This chart looks at England — where more than 90 percent of older people are vaccinated — since late May, when cases began rising there:

As you can see, new cases have risen only modestly among people over 65, suggesting that breakthrough infections are rare. “I think people who are vaccinated are not, on a population level, major contributors to the transmission of the disease,” Dr. David Dowdy, a Johns Hopkins University epidemiologist, told me.

Part of the reason is that vaccinated people are both less likely to get infected and less likely to pass on the virus even if they do get infected, scientists say. A vaccinated person without Covid symptoms seems especially unlikely to infect somebody else.

“What is clear is that people who are vaccinated and have symptomatic breakthrough infections can transmit it to other people,” Dr. Ashish Jha of Brown University said. “What is not at all clear is whether vaccinated asymptomatic people can transmit it. And my best guess is no — or not very often.”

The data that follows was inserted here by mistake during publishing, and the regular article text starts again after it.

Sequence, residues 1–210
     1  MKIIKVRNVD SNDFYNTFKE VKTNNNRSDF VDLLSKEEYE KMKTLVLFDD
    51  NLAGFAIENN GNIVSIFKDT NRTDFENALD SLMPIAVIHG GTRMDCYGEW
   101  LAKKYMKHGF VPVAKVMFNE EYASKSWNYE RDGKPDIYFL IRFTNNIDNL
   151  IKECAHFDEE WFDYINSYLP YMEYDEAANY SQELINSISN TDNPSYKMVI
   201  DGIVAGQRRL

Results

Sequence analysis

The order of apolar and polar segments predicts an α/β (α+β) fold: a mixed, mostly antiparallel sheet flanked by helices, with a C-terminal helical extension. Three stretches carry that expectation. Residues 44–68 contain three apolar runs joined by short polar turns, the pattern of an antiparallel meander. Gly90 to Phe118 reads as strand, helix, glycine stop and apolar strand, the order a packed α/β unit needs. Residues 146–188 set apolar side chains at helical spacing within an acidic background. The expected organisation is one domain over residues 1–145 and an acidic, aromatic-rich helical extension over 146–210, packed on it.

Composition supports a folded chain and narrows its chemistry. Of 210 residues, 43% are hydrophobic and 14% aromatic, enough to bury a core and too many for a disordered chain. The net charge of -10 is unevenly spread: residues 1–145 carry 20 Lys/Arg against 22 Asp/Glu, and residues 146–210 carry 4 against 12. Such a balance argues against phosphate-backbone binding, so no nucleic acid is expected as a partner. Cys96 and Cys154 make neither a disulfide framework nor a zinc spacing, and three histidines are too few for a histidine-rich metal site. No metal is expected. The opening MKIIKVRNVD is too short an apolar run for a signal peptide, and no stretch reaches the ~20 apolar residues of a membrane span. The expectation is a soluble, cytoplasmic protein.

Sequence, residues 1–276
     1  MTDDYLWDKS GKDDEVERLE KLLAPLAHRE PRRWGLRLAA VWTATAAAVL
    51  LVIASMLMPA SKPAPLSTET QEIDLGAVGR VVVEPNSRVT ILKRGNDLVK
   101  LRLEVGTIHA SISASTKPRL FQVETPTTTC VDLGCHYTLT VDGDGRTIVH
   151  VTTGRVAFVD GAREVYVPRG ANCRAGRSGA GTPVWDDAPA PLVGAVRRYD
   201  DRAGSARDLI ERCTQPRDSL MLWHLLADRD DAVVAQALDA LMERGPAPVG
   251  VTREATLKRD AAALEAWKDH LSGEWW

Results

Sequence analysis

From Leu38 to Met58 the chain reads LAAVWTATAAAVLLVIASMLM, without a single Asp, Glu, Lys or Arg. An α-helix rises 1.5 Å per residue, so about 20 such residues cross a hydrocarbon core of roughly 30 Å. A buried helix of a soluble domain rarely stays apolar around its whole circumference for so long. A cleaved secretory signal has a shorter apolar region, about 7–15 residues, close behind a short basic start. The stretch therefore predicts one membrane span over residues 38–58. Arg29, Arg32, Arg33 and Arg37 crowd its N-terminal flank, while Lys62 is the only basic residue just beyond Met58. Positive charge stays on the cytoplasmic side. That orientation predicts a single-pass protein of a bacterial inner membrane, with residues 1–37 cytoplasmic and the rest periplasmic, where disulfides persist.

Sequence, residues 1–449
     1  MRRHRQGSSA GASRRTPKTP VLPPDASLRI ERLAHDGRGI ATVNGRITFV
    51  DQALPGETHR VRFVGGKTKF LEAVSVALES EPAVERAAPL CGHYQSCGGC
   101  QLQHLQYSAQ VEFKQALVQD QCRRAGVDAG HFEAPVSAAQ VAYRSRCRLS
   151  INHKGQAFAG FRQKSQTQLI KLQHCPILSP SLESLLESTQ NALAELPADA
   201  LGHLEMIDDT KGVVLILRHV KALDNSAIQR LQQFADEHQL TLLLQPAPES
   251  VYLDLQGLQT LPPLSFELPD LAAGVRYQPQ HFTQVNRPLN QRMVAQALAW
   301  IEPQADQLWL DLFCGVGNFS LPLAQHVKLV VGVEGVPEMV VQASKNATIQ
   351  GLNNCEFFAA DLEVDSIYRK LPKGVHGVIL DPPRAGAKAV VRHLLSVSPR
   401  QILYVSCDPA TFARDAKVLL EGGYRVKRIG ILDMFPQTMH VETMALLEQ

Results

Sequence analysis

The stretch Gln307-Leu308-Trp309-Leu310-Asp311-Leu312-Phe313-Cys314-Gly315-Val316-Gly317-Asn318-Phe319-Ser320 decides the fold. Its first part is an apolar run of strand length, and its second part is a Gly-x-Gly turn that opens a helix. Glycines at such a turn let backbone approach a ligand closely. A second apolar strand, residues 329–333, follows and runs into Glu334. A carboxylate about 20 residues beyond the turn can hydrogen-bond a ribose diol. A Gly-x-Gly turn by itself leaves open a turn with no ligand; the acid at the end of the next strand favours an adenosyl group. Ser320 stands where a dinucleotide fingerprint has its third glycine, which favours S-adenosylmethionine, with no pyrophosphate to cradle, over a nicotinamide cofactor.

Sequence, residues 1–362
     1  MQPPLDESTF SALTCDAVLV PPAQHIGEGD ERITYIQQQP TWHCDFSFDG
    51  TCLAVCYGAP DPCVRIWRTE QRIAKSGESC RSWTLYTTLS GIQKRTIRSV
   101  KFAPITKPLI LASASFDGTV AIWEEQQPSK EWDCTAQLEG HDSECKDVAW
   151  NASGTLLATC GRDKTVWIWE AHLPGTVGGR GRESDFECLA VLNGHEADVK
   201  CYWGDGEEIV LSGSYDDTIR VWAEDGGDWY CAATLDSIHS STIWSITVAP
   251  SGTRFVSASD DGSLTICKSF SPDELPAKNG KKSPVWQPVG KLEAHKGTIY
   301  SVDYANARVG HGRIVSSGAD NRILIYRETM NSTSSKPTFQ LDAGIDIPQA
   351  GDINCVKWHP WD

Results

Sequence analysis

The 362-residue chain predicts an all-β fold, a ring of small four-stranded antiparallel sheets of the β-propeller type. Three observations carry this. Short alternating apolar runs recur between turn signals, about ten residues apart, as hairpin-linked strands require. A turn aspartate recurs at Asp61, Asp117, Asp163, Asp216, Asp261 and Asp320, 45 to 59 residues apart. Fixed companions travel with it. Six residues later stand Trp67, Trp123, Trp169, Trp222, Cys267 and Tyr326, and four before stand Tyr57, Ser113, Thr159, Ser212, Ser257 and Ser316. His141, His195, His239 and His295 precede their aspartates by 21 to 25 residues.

He added: “I’m not worried about an asymptomatic vaccinated person spreading it to me.”

Of course, a vaccinated person can still get the virus from somebody who has symptoms or hasn’t been vaccinated. Liam Stack, a Times reporter who covers religion, was fully vaccinated by April but nonetheless caught the virus in June, probably socializing with friends, either at a bar or a beach house, he says.

“It was not the sickest I’ve ever been, but it was very disruptive,” he told me. He was sick for a full week, with flulike symptoms, including congestion, muscle aches and fatigue. One day, he took a three-hour nap around lunchtime, followed by a two-hour nap before dinner.

Liam is feeling better now, and, as far as he knows, none of his friends or family members contracted the virus from him. But he does not recommend the experience. “It was unpleasant,” he said.